Thursday, October 29, 2015

Notes from your Farm: Rain, Garlic, & Jack-O'-Lantern's

Hello from the farm, 
How about that rain on Wednesday?!  It came down gently with some forceful winds.  This caused all of us to stay indoors and keep dry during the rainfall.  We jammed out to some 80's music, while washing sweet potatoes and squash.  The radio is a must when it comes to the trainees washing vegetables.  It kept all of us in a cheerful mood on such a rainy day!
Even though it was rainy on Wednesday the weekend weather sounds perfect for the Farewell Weekend event!  We hope to see many people at this event which will include delicious food, drinks, fun, and our farewells to Scott.  Down below is more information on the event.  See you there!  
A head of broccoli with rain drops on it from Wednesdays rain.  Hopefully the rain will give the broccoli a growth boost.   
What happened on the Farm this week? 
The farm is still in the winterizing process.  From pulling out plastic, metal stakes, planting cover crop, and now planting garlic. Fall crops are still looking beautiful and full of flavor!  On the shelves this week there will be Asian greens, kale, collards, mustard, arugula, radishes, turnips, cabbage, pumpkins, squash, sweet potatoes, and popcorn.  We will be sure to fill your bags with lots of vegetables this week.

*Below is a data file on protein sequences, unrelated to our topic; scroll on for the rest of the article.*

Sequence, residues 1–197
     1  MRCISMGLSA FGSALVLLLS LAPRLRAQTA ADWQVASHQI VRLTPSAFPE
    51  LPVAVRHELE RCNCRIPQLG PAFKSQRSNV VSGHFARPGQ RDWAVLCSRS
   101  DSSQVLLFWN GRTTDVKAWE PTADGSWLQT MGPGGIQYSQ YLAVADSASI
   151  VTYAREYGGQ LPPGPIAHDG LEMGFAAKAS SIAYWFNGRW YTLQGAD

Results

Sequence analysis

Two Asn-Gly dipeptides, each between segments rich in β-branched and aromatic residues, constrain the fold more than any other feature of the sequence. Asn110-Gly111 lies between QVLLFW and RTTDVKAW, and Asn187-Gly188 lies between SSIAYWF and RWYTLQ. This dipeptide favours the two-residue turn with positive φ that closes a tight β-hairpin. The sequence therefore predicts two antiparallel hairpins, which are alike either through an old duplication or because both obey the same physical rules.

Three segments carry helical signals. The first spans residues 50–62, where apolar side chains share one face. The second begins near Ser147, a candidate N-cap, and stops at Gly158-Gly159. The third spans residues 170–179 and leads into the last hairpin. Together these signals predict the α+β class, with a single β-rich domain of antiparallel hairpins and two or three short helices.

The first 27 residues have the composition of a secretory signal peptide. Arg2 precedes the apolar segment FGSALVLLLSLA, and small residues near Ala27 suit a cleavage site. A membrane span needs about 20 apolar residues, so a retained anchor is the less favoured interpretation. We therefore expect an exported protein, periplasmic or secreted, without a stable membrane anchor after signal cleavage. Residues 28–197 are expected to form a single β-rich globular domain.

Another one of our main projects in the fall is planting garlic.  Garlic has to be planted during the fall time.  It is similar to planting tulips, which need the cold spell (winter temperatures) to produce well in the spring time.  Planting garlic seed should be done after a frost and before the ground freezes.  We have planted one bed of garlic this week and will be planting four more next week.    
Here in this photo Del (on left) and Cameron (on right) are breaking apart the garlic bulbs. For the past couple of years the farm has been producing their own seed for garlic.  This means the farm saves back 200 pounds of garlic that is only going to be used for seed.  The individual sections of garlic are called cloves.  The cloves are being separated by Cameron and Del in this photo.  Cloves are then used as the seed for the garlic we plant in the fall time.